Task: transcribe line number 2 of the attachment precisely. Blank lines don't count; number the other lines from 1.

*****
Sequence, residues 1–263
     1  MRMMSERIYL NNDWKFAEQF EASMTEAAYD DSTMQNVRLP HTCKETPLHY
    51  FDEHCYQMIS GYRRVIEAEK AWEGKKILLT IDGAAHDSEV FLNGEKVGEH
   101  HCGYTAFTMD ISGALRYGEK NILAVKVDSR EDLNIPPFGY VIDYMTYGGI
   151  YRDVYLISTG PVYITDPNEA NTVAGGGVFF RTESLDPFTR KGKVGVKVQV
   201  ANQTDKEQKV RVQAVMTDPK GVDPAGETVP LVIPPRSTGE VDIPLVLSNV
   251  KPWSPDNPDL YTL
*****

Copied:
     1  MRMMSERIYL NNDWKFAEQF EASMTEAAYD DSTMQNVRLP HTCKETPLHY